Hague said the British are already working with European partners on a package of new sanctions against the Assad regime and pledged that his country would soon be unveiling new steps to help the Syrian opposition defend itself from the military onslaught perpetrated by the regime.

"We agreed that for as long as a political solution to the conflict is blocked off, the international community has a responsibility to take steps to help prevent the loss of life in Syria, loss of life including the terrible loss of life that we have just witnessed in Aleppo," Hague said. "And that’s why in the United Kingdom we believe we must significantly increase our support for the Syrian opposition on top of our large contributions to the humanitarian relief effort, and we are preparing to do just that. In the face of such murder and threat of instability, our policy cannot stay static as the weeks go by, and it is an important opportunity in Rome on Thursday to discuss this with our allies and partners." 

The European Union decided this week not to end its embargo on shipping arms to the Syrian opposition, but the UK was able to get through a measure that expands the types of allowable non-lethal support to the armed opposition, to include things like night-vision goggles, armored vehicles, and body armor, the senior State Department official said.

But there’s no expectation that the Obama administration is preparing to relax its reluctance toward providing the Syria rebels with anything beyond limited humanitarian assistance and communications equipment.

"I don’t have anything further to add on our approach to arms in Syria," the official said

UPDATE: Late Mondy, the leadership of the Syrian opposition coalition reversed its decision to boycott the Thursday Friends of Syria meeting in Rome. Kerry called coalition presidentMoaz al-Khatib Monday, after which Khatib said via Facebook that Kerry and Hague had guaranteed additional measures "to alleviate the suffering of our people".

Josh Rogin covers national security and foreign policy and writes the daily Web column The Cable. His column appears bi-weekly in the print edition of The Washington Post. He can be reached for comments or tips at josh.rogin@foreignpolicy.com.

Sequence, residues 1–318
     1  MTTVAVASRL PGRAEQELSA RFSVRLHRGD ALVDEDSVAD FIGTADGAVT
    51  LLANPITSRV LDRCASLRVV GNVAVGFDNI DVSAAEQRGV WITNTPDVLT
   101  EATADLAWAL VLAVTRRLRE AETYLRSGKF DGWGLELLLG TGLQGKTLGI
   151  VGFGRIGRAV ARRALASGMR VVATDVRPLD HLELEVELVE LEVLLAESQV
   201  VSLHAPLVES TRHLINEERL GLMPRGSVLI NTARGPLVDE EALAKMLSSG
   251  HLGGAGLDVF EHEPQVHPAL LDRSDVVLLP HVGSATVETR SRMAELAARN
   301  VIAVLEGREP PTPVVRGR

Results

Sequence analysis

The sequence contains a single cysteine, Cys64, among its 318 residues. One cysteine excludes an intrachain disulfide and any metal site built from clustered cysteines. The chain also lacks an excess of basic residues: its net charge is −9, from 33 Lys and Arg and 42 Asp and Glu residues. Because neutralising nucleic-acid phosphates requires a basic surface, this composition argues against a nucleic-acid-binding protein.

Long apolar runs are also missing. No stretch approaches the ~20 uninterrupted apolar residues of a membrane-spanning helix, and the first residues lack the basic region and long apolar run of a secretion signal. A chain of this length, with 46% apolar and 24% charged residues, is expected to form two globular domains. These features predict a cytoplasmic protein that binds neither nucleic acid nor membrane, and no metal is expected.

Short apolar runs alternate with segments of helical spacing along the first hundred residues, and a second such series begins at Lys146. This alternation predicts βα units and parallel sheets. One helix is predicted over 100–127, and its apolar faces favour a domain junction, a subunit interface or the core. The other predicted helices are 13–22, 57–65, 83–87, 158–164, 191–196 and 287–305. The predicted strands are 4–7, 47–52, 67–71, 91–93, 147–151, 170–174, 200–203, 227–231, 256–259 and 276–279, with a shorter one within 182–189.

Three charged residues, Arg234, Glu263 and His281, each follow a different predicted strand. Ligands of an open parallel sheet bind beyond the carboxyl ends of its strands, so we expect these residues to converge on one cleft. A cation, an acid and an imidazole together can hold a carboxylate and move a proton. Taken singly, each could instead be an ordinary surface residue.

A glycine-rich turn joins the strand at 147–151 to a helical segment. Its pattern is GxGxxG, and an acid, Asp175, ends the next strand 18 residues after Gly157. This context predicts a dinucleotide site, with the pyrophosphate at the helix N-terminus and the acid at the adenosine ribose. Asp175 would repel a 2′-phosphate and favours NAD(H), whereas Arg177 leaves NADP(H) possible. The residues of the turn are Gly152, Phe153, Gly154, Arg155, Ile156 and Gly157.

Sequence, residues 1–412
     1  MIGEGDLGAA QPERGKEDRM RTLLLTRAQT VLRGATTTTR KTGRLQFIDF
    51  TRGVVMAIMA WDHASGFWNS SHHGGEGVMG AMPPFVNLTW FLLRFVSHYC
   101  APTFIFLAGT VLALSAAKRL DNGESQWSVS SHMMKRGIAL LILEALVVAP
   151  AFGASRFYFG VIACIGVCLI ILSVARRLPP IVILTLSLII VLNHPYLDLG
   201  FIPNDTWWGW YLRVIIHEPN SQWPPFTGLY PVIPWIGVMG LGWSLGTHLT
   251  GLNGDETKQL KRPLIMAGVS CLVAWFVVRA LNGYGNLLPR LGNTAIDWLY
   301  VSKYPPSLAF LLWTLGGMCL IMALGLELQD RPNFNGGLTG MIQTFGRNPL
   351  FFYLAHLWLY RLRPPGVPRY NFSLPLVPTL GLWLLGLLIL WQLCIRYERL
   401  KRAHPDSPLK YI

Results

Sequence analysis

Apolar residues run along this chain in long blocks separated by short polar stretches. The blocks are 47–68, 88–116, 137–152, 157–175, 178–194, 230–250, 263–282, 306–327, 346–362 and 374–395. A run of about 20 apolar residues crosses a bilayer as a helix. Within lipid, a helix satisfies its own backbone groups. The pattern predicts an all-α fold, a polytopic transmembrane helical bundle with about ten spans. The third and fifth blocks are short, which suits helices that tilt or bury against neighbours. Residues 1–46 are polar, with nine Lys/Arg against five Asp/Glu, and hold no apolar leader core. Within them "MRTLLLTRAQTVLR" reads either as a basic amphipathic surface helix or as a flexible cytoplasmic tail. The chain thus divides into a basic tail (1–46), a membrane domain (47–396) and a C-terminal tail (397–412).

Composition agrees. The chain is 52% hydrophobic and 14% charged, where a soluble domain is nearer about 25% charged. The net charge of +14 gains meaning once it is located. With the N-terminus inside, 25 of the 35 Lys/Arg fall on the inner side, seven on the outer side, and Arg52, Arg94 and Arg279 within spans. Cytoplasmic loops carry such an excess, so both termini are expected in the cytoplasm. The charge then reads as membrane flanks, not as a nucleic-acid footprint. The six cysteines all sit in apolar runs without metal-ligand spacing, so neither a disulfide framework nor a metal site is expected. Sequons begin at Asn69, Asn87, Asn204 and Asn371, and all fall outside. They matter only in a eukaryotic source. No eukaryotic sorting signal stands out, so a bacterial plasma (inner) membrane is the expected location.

Previously, Josh covered defense and foreign policy as a staff writer for Congressional Quarterly, writing extensively on Iraq, Afghanistan, Guantánamo Bay, U.S.-Asia relations, defense budgeting and appropriations, and the defense lobbying and contracting industries. Prior to that, he covered military modernization, cyber warfare, space, and missile defense for Federal Computer Week Magazine. He has also served as Pentagon Staff Reporter for the Asahi Shimbun, Japan's leading daily newspaper, in its Washington, D.C., bureau, where he reported on U.S.-Japan relations, Chinese military modernization, the North Korean nuclear crisis, and more.

A graduate of George Washington University's Elliott School of International Affairs, Josh lived in Yokohama, Japan, and studied at Tokyo's Sophia University. He speaks conversational Japanese and has reported from the region. He has also worked at the House International Relations Committee, the Embassy of Japan, and the Brookings Institution.

Josh's reporting has been featured on CNN, MSNBC, C-Span, CBS, ABC, NPR, WTOP, and several other outlets. He was a 2008-2009 National Press Foundation's Paul Miller Washington Reporting Fellow, 2009 military reporting fellow with the Knight Center for Specialized Journalism and the 2011 recipient of the InterAction Award for Excellence in International Reporting. He hails from Philadelphia and lives in Washington, D.C. Twitter: @joshrogin